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    Volume 6 | Issue 14 | April 08, 2012 |


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Extra Credit

Crispy, Fried and Dried

Sabhanaz Rashid Diya
Photos: Kazi Tahsin Agaz Apurbo

Meeting Jamie Oliver in September last year was quite a bemusing experience. A world renowned chef and food activist, Oliver's most recent venture challenged schools across the West to serve good quality and healthy food in their respective cafeterias. The problem was obesity and related heart diseases; children were falling sick because of excessive junk food and not getting a fitting diet for healthy growth. The experience, as I mentioned earlier, was intriguing. I represented a country whose philosophy of poverty circled around low nutrition and I did little justice to the popular image of a skinny child suffering from malnutrition begging for money to buy food. The contrast was striking, and as our conversation went forward, we realised food wasted is nothing more than food created.

However, as I write this piece sitting inside a comfortable room yet sweating uncontrollably because of loadshedding while the world just beyond my balcony is still trying to figure out a formula to put food and poverty in an agreeable equation, I realise Jamie Oliver may as well have made a point. Surprisingly, he made a point that I could relate to every time I walked inside a university cafeteria. Good quality, healthy food at affordable prices was clearly an international concern, and in spite of popular images, Bangladesh had just as much to worry about.

On a typical day at any private university in Dhaka, it is difficult to find a fulfilling meal below a hundred bucks. The items on the plate vary between a combination of fried rice with unnecessarily crispy fried chicken or a variation between khichuri or tehari. Couple that with a glass of a fizzy soft drink, freshly refrigerated and “bang!” it seems the cafeteria owners have hit jackpot. Students, caught between creativity and cubicle culture have less time to worry or complain about food, and devour whatever is in front of them. Imagine a menu as such for five straight days every week, which statistically estimates to an average of 333 calories for a cup of fried rice plus 102 calories for a fried chicken drumstick (with skin) plus 139 calories for a can of Coke (sources: coca-cola.com, fatsecret.com, livestrong.com). Easily, the weekly intake of calories from a single, typical university cafeteria meal per day sums up to roughly 2870 calories. Add a white rice dinner and parata wala breakfast, and the number exceeds 3000 calories. The standard daily intake of calories for healthy living should not exceed 2000 calories (source: livestrong.com), so essentially, the over consumption of carbohydrate and fat is leaving an alarming impact on our health.

Calories aside, the cost-benefit ratio of cafeteria food is just as disappointing. A standard meal costs over a hundred bucks, so five days multiplied by one meal per day equals to an expense of 500 bucks per week only on food. For an average student coming from a middle class family background, such expense is irrational, almost impossible to maintain. Yet, students are often left without a choice given each university usually hosts a single central cafeteria contracted out to a food agent and meeting costs at all levels become complex.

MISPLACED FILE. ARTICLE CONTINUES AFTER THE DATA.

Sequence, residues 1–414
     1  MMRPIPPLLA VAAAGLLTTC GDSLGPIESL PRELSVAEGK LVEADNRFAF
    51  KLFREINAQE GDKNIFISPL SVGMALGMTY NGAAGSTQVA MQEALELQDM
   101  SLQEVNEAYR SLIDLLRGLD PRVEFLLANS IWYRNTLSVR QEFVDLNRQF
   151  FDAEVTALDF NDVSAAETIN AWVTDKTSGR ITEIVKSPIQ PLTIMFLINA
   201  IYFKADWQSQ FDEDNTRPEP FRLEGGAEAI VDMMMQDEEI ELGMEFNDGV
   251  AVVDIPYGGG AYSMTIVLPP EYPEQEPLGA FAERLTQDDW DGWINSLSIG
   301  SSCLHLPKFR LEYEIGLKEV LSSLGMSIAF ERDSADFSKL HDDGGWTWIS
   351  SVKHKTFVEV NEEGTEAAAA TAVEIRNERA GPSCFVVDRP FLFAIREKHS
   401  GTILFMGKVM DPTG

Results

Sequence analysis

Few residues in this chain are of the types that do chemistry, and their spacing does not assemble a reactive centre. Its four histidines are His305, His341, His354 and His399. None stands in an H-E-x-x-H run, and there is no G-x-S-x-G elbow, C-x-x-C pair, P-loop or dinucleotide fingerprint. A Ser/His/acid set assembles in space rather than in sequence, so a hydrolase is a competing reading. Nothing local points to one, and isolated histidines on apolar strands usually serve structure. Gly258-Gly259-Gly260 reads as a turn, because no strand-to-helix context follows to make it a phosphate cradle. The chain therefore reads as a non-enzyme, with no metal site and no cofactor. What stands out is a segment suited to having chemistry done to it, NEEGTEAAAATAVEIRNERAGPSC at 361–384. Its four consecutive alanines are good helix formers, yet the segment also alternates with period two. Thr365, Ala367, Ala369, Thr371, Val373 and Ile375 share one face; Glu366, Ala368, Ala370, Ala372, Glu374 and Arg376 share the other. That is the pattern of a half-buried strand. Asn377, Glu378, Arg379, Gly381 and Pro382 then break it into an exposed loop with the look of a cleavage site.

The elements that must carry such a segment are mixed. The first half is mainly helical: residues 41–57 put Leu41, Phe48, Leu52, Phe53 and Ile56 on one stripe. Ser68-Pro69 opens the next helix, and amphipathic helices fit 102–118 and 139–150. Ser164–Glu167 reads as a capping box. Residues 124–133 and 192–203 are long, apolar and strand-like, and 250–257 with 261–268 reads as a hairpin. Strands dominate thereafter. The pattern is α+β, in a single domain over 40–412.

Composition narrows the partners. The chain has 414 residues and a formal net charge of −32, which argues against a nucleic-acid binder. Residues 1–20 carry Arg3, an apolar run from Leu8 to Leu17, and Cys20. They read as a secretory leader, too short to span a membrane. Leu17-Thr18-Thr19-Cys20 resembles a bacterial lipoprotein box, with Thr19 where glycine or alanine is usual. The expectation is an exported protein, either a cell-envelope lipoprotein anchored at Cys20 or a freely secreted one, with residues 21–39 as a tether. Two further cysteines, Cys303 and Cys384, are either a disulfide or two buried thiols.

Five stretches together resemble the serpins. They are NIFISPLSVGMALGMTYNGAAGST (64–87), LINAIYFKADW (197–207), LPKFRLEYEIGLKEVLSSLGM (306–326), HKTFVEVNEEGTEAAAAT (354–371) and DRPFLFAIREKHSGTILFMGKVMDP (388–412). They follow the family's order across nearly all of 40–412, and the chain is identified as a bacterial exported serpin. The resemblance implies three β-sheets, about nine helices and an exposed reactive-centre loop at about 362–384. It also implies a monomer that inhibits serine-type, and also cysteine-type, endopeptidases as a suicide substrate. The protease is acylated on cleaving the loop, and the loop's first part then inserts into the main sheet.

Walking inside a public university cafeteria may be slightly more reassuring. For starters, there are more options and prices are lower, yet preparation and serving often leave the feeble hearted with an basic hygiene standards and lack central administrative supervision or quality control.

So, what can be done? My entrepreneurial nerves are constantly playing Snake inside my head, and like any problem that when decentralised or democratised to an extent can have remarkable and effective solutions food perhaps has the same hope. If students were allowed to create their own food corners within university, greater competition would inspire quality food at lower prices. At Brandeis University in the US, for example, students have created their own food shops, some serving specific kinds of food while others serving a range of items and have given their contemporaries much to think and munch about. In addition, university administration can consider putting bars on food standards and prices, hence ensuring healthy, calorie-friendly menus within reach. Simultaneously, food evaluation charts can keep contracted food agents under constant monitoring, thereby creating physical estimates on what is working and not working for students. Food festivals are a great way to encourage a variety of food shops to enter your premises and allow management authorities to get more insight into popular cultures and student demands.

Jamie Oliver, although debatably, has already started a food revolution in the West. The East, perhaps simply needs a few switches to work, and more flexibility on part of the students. Quality food, particularly for those like me who think with their tummies can truly create happier students, and happier students are clearly better students. This food chain may seem laughable at this point, but ten years down the line, increasing heart diseases and premature strokes will surely prove otherwise. More juice, anyone?

(Sabhanaz Rashid Diya is a major in Media and Communication at Independent University Bangladesh and founder of the nonprofit youth organization, the One Degree Initiative Foundation.)

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